Question: My husband lost both of his legs due to poor circulation. Since the double amputation, he's suffered with phantom leg pain. The pain pills don't help much. Is there anything else you can suggest? - N.R., Eau Claire, Wis.
Answer: Phantom limb pain, where pain is experienced in a limb as if it were still intact, is not entirely understood, but probably occurs as a result of several factors: 1) the sensory nerve pathway just above the point of amputation is intact, causing a firing of sensory nerve impulses representing the entire limb to the brain; 2) the damaged nerves that were cut during amputation are hypersensitive such that a little bit of sensory nerve stimulation at the amputation point causes a whole lot of pain; 3) limbs normally generate counter-regulatory nerve signals to reduce the strength of a touch or temperature impulse, but that's lost with amputation; and 4) the brain creates memories of a painful sensation and cause the pain to persist. By the way, this same phantom pain can be seen following a mastectomy or a tooth extraction.
Treatment of phantom limb pain is not easy. Since abrasion or excess pressure of the stump can trigger or aggravate phantom pain, a comfortable well-padded covering is very important.
Pain medications, especially the codeine, hydrocodone or oxycodone types, are much more effective in treating nerve pain than aspirin, Advil or Tylenol. Another method of treating nerve pain is actually the use of anti-seizure medications such as Tegretol or Neurontin - regardless of whether there's a seizure disorder.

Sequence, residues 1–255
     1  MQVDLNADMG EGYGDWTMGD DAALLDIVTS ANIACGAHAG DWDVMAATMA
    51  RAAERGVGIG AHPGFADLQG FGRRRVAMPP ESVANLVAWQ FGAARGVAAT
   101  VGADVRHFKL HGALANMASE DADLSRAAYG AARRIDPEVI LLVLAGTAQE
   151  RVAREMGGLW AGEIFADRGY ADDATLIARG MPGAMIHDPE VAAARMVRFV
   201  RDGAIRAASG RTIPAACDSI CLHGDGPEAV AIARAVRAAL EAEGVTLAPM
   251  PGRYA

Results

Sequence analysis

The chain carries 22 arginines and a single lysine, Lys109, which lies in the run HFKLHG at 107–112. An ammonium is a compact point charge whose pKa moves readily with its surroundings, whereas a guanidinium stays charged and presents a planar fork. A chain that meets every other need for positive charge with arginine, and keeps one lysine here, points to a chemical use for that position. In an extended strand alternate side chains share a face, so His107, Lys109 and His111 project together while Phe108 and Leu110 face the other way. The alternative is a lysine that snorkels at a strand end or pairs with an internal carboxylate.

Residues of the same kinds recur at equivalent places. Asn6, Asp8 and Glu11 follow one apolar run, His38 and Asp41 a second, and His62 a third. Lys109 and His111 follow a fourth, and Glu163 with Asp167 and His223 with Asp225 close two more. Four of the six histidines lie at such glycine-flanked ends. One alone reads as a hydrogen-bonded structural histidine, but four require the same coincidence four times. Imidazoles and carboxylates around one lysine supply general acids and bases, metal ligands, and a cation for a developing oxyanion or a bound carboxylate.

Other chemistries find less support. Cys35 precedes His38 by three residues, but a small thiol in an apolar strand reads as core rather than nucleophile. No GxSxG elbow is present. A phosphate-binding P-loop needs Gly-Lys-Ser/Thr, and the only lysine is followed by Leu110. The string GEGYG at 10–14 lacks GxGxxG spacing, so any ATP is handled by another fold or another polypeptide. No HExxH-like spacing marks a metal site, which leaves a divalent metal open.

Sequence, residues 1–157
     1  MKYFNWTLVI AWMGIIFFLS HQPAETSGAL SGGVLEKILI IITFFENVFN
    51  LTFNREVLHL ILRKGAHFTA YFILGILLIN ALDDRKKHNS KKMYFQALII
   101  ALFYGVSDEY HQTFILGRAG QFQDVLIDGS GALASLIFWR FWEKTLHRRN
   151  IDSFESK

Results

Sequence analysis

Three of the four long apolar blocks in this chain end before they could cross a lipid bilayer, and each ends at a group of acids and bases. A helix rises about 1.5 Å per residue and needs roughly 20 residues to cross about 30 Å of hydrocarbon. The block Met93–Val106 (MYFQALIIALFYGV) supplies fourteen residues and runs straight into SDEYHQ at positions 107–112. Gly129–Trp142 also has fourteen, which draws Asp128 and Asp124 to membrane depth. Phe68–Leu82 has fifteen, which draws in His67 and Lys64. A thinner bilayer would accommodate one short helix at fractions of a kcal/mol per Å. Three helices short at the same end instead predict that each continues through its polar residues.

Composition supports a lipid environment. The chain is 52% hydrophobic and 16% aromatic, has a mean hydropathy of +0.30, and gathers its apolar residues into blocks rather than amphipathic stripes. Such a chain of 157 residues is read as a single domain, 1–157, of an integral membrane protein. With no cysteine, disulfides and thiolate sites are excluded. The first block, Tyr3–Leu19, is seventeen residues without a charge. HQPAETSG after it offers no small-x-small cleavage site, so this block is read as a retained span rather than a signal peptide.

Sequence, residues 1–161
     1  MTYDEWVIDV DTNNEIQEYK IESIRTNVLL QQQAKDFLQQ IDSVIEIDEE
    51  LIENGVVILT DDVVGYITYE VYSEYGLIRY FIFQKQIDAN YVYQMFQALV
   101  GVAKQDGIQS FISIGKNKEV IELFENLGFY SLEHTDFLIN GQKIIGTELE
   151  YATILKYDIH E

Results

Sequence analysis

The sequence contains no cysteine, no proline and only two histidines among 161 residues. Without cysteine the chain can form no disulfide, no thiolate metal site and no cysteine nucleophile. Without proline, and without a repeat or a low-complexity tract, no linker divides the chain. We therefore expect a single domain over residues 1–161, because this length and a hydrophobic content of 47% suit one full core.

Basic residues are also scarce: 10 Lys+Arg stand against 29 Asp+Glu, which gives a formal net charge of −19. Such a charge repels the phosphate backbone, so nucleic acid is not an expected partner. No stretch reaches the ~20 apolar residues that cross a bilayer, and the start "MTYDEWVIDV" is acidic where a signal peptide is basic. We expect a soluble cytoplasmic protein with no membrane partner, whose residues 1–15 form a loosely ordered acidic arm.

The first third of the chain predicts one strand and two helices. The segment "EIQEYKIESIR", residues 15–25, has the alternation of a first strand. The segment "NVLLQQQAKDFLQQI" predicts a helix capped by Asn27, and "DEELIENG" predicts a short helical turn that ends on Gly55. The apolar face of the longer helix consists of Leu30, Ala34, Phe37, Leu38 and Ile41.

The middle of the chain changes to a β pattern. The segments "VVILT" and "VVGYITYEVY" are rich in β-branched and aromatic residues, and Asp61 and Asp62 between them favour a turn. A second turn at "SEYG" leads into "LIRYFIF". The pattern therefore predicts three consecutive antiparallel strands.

Anti-depressants such as Elavil, Pamelor, Trazodone or Cymbalta can also help chronic phantom pain - regardless of whether or not depression is present. These treatments affect the processing of sensory pain information received by the brain. Hypnosis has also been helpful to amputees.
While not helpful to your husband, there's evidence the chances of developing phantom pain can be reduced by the use of lots of regional anesthesia at the amputation site prior to, during and for a few days after surgery.
Question: What is your opinion of the pain reliever DMSO? I know it's used on horses to relieve tendinitis and arthritis. I've heard it helps with sprains and arthritis in people, but I'm not sure how safe that practice is. - R.H., Roswell, Ga.
Answer: DMSO is a sulfur-based topical ointment or gel suspension that has an amazing ability to be absorbed through the skin and quickly combine with water-based tissues and provide rapid pain relief. DMSO also has the ability to draw water out of inflamed tissues and quickly reduce localized swelling. It's most effective on soft tissue injuries such as muscle or tendon strain because they're plump with water. It's been safely used for more than 50 years to provide pain relief to horses and other animals. Other than causing garlic-like taste and breath and a pungent garlic-like body odor from its sulfur base, it's time-tested safe pain relief for animals and humans not allergic to sulfa or sulfur compounds. It doesn't have any issues with liver toxicity, kidney toxicity or gastrointestinal ulcers and bleeds - unlike traditional anti-inflammatory medications such as aspirin, Advil and Aleve.
DMSO is available in many health food stores and veterinary supply stores as an over-the-counter topical product, but does not have an FDA approval for topical pain relief in humans. The reason for that is unclear, although it is not because of safety concerns. It is FDA-approved for use as a pain reliever instilled in the bladder of folks with "interstitial cystitis." The most likely reason why it's not FDA approved and promoted for humans is economics: there's little point in a drug manufacturer spending millions of dollars seeking formal approval for a drug already widely available without a prescription.
Dr. Mitchell Hecht is a physician specializing in internal medicine. Send questions to him at: "Ask Dr. H," P.O. Box 767787, Atlanta, Ga. 30076.